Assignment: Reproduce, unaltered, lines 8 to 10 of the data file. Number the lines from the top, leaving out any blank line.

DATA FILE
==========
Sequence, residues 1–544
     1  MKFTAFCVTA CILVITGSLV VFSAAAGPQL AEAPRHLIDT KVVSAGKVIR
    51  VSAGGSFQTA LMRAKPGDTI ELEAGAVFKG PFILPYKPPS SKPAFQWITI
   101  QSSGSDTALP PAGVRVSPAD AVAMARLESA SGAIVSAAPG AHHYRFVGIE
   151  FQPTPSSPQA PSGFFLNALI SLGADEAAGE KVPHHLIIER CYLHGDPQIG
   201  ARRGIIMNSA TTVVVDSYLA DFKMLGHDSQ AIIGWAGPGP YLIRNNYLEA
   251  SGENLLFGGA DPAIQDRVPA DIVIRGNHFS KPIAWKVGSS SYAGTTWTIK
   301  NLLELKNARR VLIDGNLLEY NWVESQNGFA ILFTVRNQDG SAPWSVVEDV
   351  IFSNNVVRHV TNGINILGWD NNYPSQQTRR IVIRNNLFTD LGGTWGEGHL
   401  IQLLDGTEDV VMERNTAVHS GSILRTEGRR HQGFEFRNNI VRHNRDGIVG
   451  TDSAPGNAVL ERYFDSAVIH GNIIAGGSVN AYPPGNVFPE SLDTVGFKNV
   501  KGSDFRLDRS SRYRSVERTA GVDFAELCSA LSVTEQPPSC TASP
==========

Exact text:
   301  NLLELKNARR VLIDGNLLEY NWVESQNGFA ILFTVRNQDG SAPWSVVEDV
   351  IFSNNVVRHV TNGINILGWD NNYPSQQTRR IVIRNNLFTD LGGTWGEGHL
   401  IQLLDGTEDV VMERNTAVHS GSILRTEGRR HQGFEFRNNI VRHNRDGIVG